RIO DE JANEIRO (Aug. 20, 2016) -- Three-time Olympian Staff Sgt. John Nunn soldiered through an assortment of body cramps to finish 42nd in the men's 50-kilometer Race Walk at the Rio Olympic Games.
On a hot and humid day in Brazil, with temperatures rising into the upper 80s during the 31-mile race along an oceanfront course in Pontal, only 48 of the starting field of 67 competitors completed the race.
Reigning world champion Matej Toth of Slovakia won the race in 3 hours, 40 minutes and 58 seconds, followed by silver medalist Jared Tallent (3:41.16) of Australia and bronze medalist Evan Dunfee (3:41.38) of Canada.
Nunn, 38, a Soldier in the U.S. Army World Class Athlete Program who lives and trains in Bonsall, California, finished in 4:16.12 -- 35.14 minutes behind the gold medalist. Just past halfway through the race, he began to cramp.
"I went through halfway in 1 hour 59 minutes and felt comfortable with it and thought things were OK," Nunn said. "About 5K later, it felt like the wheels were falling off. I was able to hold a 5:30 [pace] the rest of the way in, but it just wasn't the 4:45 that I needed."
"I never stopped, but I certainly slowed," Nunn said. "It just wasn't what I was looking for. It was just a rough day."
Nunn said that the cramps were in his elbow, locking it up completely, his neck, and most critically, his hamstrings.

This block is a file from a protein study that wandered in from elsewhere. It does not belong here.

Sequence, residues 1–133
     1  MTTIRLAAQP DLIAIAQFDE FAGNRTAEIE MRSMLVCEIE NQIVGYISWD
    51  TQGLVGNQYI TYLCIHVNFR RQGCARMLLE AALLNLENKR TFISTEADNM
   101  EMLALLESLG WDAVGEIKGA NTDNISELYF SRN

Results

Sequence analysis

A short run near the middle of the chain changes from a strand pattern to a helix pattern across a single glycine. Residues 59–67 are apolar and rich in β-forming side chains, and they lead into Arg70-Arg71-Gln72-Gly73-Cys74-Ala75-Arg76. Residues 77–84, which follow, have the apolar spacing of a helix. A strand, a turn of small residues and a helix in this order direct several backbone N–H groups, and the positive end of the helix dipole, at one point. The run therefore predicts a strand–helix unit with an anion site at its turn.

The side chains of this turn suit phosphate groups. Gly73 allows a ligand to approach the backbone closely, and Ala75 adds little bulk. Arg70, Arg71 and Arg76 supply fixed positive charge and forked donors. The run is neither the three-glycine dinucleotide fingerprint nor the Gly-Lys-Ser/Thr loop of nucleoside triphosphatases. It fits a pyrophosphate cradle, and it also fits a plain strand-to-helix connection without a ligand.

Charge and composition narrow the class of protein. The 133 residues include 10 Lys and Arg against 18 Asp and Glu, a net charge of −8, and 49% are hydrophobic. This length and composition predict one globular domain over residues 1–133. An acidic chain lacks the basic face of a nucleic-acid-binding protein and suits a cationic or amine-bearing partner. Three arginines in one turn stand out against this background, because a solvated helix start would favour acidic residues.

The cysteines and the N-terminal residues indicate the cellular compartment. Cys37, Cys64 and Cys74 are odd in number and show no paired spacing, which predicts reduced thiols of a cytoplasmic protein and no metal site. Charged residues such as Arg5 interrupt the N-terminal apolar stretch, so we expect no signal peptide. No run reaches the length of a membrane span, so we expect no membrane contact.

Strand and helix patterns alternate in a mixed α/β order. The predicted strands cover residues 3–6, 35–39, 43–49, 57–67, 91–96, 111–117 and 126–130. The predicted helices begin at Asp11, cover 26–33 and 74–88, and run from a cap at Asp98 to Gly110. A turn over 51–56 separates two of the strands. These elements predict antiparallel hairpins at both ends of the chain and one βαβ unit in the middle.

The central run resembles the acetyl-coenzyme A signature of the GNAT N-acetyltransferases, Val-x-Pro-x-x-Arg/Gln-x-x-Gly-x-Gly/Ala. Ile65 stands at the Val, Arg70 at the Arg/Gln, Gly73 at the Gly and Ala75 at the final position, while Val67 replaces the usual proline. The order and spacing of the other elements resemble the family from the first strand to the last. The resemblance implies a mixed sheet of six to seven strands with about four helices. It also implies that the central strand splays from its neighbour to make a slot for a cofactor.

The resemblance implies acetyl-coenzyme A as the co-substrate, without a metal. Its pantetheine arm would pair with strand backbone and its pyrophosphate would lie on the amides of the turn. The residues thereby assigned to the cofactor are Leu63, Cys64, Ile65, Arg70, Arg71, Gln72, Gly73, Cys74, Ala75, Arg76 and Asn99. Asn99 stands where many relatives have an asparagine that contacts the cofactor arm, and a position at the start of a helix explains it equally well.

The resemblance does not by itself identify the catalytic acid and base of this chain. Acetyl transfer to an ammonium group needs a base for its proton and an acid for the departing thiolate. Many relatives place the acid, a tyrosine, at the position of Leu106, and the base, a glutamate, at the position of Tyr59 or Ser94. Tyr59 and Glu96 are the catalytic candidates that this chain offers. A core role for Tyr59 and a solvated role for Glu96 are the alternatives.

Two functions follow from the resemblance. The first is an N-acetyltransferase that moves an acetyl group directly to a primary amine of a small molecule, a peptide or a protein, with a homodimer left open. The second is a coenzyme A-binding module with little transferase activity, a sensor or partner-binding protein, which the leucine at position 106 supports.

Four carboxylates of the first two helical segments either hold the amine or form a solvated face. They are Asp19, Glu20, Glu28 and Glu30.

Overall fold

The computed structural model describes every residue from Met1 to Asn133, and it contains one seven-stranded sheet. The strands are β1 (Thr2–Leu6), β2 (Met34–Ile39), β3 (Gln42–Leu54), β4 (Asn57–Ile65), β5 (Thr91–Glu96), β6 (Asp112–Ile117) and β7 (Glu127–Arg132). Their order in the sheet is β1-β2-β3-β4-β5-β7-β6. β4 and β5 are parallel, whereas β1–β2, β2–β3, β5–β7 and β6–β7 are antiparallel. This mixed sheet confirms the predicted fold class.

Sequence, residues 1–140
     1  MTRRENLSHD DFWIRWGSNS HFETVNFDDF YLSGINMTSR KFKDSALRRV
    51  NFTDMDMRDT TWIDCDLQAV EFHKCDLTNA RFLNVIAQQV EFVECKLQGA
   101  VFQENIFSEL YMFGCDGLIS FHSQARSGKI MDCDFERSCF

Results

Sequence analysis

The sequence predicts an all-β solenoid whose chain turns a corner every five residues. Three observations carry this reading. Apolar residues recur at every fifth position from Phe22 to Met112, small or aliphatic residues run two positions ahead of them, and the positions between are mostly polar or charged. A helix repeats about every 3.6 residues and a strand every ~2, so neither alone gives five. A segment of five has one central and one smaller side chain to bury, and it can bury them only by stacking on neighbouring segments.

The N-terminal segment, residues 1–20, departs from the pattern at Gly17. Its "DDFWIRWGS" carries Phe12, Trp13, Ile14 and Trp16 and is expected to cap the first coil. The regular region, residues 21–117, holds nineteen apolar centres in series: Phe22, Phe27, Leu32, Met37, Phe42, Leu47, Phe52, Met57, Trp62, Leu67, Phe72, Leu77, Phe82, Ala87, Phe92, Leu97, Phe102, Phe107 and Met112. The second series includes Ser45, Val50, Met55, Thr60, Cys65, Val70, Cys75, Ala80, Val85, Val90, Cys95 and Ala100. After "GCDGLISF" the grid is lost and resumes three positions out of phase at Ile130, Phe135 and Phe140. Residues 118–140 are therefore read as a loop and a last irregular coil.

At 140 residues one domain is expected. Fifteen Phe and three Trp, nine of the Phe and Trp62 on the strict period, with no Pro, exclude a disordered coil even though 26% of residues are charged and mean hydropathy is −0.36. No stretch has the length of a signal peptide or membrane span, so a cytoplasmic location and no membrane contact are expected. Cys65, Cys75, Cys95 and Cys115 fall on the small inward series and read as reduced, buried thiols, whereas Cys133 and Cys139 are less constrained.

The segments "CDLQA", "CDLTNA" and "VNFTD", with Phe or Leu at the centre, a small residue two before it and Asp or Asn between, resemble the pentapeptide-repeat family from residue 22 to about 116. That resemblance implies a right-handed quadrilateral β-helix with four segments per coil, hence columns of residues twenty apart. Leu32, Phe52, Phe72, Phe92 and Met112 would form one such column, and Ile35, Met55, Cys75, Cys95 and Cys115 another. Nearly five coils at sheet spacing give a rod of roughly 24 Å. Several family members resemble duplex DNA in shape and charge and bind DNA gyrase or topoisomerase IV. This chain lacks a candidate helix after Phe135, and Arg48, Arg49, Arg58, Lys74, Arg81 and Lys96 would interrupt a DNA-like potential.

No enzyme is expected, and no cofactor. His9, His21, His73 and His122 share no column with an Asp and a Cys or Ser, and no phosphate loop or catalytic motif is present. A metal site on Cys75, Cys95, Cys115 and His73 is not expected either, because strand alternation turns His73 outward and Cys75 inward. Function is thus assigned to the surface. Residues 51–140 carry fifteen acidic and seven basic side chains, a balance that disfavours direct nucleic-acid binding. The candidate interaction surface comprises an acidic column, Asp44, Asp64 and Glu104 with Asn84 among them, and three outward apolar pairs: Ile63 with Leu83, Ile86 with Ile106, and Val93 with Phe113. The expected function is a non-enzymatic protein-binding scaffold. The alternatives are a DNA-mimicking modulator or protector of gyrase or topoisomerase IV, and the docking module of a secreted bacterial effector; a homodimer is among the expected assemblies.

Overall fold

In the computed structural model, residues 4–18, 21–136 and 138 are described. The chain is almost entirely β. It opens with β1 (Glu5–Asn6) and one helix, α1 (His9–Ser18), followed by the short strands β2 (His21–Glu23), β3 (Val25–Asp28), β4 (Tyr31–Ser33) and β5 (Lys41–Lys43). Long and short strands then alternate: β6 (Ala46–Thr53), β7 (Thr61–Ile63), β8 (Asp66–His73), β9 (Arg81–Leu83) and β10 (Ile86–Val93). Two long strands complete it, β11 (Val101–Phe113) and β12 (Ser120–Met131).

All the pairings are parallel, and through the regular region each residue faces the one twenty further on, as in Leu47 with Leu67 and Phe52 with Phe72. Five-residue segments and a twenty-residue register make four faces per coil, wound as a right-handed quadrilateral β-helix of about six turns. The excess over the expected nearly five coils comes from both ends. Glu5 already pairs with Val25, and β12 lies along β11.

"A couple times I had to slow down because the cramps would get so severe I couldn't straighten the leg," Nunn said.
The situation prompted Nunn, as he's done many times, to call on Soldier training to help him complete the mission.
He said the Army teaches values in basic training that are still with you 20 years later.
"They break you down and they rip you apart and they build you up the way they want you. I remember being a kid going through it and just thinking, 'I want to quit. I don't want to do this.' but it just helps you to learn how to get through things in life that aren't fun."
Nunn welcomes the opportunity to soldier through both the mental and physical challenges of the sport.
"I really enjoy the mind over matter," Nunn explained. "You're just fighting and fighting and you keep having to block out pain and push, but when you finish a 50K there's a sense of accomplishment that you can accomplish anything in life if you put your heart to it."
When Nunn crossed the finish line and tried to break stride into a normal walk, he nearly collapsed and had to be placed in a wheelchair and iced down for a few minutes before walking away under his own power.
"My right hamstring seized up," Nunn said. "I thought I could walk and then it started seizing and I was going to fall over."
Nunn, who plans to apply for the Army's physician assistant program, already is talking about the prospects of competing at the 2020 Tokyo Games at age 42.
"The Olympics is always a great experience to be a part of, I just wish the end had gone a little better this year," he said.
"You don't keep going just to keep making Olympic teams, you keep going because you believe you can get better," he said. "I would like to go to Tokyo. I feel like I'm better than this. I want that absolute perfect race when it finally just falls into place.
"I still would like to find that elusive perfect day."